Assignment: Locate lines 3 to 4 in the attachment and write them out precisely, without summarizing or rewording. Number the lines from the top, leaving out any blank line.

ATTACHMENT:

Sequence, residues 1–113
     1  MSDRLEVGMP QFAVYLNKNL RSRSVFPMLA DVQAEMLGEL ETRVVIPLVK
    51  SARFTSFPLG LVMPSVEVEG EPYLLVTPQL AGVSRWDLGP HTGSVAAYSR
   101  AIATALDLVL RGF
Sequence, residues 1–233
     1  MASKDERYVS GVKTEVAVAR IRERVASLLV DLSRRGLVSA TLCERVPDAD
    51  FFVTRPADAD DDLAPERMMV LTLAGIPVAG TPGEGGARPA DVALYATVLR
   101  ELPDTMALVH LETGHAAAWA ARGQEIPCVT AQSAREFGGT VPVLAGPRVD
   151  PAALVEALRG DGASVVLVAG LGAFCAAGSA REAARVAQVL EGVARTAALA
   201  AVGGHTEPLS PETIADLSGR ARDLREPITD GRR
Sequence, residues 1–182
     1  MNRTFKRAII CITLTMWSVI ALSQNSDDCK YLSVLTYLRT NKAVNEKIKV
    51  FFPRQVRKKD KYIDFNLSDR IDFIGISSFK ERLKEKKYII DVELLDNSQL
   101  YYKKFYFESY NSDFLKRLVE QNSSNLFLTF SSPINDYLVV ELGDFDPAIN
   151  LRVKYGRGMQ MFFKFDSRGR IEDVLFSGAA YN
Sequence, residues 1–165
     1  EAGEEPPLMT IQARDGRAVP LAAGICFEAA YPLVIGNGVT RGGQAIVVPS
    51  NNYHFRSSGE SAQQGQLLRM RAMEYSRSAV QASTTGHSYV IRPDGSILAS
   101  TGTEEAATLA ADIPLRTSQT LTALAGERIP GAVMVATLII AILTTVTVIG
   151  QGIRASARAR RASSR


    51  SARFTSFPLG LVMPSVEVEG EPYLLVTPQL AGVSRWDLGP HTGSVAAYSR
   101  AIATALDLVL RGF